Culture Clash: BANNERS

Chatting cultural touchstones with the Liverpool songwriter...

BANNERS eats, sleeps, and breathes music. Songwriting is how he communicates with the world, and – on recent evidence – it seems that the world is listening.

With more than 1.5 billion streams to his name, the Liverpool artist is doing it his own way. Taking each step as they come, his humble, unassuming approach is working wonders.

Real name Michael Nelson, his new EP ‘I Wish I Was Flawless, I’m Not’ is another dose of introspection, rendered in an open, conversational manner. Recent single ‘Keep Me Going’ is a case in point – produced by Cam Blackwood, it was laid down at Black Bay Studios on the west coast of the Isle of Lewis. Refulgent and starry-eyed, ‘Keep Me Going’ dares to play it simple, while making its point in a strikingly effective manner.

With his EP now out on streaming services, Clash caught up with BANNERS to chat cultural touchstones in Culture Clash…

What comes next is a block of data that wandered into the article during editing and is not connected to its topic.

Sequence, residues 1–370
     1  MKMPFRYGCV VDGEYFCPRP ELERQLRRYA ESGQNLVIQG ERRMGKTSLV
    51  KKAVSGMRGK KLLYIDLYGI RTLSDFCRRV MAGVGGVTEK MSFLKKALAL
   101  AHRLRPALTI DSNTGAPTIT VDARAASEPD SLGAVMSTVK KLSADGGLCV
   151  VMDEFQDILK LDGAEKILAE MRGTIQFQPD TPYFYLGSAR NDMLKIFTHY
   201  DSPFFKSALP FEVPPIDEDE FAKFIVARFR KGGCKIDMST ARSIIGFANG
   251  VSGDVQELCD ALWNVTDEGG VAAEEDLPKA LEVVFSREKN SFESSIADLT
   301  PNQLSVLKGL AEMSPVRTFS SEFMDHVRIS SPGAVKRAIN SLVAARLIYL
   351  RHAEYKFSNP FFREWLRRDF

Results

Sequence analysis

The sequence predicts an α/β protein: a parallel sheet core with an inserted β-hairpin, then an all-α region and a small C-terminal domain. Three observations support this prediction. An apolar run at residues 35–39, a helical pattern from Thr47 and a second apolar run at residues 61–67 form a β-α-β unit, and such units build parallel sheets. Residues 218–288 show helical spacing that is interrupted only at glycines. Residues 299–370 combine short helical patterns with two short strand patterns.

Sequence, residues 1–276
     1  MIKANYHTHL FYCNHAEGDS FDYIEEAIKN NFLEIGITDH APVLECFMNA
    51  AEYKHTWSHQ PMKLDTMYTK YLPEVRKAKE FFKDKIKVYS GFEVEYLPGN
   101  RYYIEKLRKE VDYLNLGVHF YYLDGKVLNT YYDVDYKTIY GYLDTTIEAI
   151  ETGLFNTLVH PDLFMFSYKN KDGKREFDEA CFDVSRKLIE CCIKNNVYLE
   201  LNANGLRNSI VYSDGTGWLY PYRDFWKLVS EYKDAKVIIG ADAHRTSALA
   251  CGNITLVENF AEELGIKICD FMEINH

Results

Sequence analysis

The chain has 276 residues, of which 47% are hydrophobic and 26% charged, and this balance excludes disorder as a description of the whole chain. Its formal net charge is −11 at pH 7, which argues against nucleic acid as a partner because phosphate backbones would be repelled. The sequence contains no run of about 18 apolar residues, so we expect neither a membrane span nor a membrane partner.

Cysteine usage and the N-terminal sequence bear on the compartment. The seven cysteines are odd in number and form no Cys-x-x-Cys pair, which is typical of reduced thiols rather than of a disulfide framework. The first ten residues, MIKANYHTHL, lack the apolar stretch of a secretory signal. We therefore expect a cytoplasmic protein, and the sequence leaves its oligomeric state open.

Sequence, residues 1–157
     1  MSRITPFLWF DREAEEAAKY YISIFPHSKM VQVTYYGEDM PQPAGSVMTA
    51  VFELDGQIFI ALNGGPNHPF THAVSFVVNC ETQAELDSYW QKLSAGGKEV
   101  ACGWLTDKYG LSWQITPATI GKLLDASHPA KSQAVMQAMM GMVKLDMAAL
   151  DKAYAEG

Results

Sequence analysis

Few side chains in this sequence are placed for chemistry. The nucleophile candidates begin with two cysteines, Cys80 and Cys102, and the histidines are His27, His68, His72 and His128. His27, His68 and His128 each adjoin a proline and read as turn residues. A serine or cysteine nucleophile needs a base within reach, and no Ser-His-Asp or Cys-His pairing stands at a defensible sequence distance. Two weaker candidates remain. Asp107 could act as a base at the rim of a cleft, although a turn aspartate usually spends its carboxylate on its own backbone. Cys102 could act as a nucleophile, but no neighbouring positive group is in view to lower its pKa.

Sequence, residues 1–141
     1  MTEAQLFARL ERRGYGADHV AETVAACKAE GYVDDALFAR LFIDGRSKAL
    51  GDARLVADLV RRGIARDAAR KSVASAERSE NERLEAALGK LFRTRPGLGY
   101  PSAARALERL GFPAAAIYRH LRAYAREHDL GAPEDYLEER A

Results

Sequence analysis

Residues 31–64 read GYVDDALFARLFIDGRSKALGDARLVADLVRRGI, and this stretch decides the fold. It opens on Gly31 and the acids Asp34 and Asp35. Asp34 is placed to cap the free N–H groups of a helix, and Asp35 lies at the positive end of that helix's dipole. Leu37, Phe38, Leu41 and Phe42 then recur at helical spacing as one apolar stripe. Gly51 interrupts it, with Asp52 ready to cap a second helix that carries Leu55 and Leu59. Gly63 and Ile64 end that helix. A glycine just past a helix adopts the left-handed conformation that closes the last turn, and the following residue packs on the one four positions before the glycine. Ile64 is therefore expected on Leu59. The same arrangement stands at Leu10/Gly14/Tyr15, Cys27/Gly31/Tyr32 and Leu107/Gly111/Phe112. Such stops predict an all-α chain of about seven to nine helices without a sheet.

Since the pandemic I’ve completely lost my tolerance for horrible things to happen to people on the TV. Like my brain has decided that it’s just had enough of seeing traumatic things happening. So, this is absolutely no way to live life… but I just watch definitely not stressful TV now.

If there’s something on that EVERYBODY is watching I’ll wait for my girlfriend to watch it and she’ll just give me the synopsis. She’ll be like “and then this horrible thing happened” and I’ll be like “yeah that sounds stressful” and then go and eat some crisps or something. Maybe she’ll watch a thing, report back that everything is broadly fine for everyone, and then I’ll watch it. A bit like having someone taste your food first in case it’s poisoned. But TV. That’s not a good way to live is it? I know you can’t just walk around never really being challenged by anything but I just don’t need it from TV at the moment! Have I seen that new game of thrones thing? Nah. Sounds stressful, that.

So I just watch things like “A camera on the front of a train going through the alps for 4 hours” on youtube or something. Band of Brothers is my favourite TV show. I’ve seen it so many times that I’m fully prepared for the stressful bits and I know it really all works out fine in the end. Oh and Get Back, the Beatles documentary. I can just write a 10,000 word dissertation on how much I love that if you want?